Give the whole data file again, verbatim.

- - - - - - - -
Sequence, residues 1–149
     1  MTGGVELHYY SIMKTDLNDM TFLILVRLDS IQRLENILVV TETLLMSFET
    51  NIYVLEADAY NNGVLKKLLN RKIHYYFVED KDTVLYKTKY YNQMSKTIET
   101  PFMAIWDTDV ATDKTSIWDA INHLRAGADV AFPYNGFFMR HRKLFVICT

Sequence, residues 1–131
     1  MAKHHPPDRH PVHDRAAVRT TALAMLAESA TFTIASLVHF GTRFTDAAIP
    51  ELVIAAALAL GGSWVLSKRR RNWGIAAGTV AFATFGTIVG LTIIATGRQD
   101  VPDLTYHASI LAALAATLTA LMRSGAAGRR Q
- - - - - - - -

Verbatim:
Sequence, residues 1–149
     1  MTGGVELHYY SIMKTDLNDM TFLILVRLDS IQRLENILVV TETLLMSFET
    51  NIYVLEADAY NNGVLKKLLN RKIHYYFVED KDTVLYKTKY YNQMSKTIET
   101  PFMAIWDTDV ATDKTSIWDA INHLRAGADV AFPYNGFFMR HRKLFVICT

Sequence, residues 1–131
     1  MAKHHPPDRH PVHDRAAVRT TALAMLAESA TFTIASLVHF GTRFTDAAIP
    51  ELVIAAALAL GGSWVLSKRR RNWGIAAGTV AFATFGTIVG LTIIATGRQD
   101  VPDLTYHASI LAALAATLTA LMRSGAAGRR Q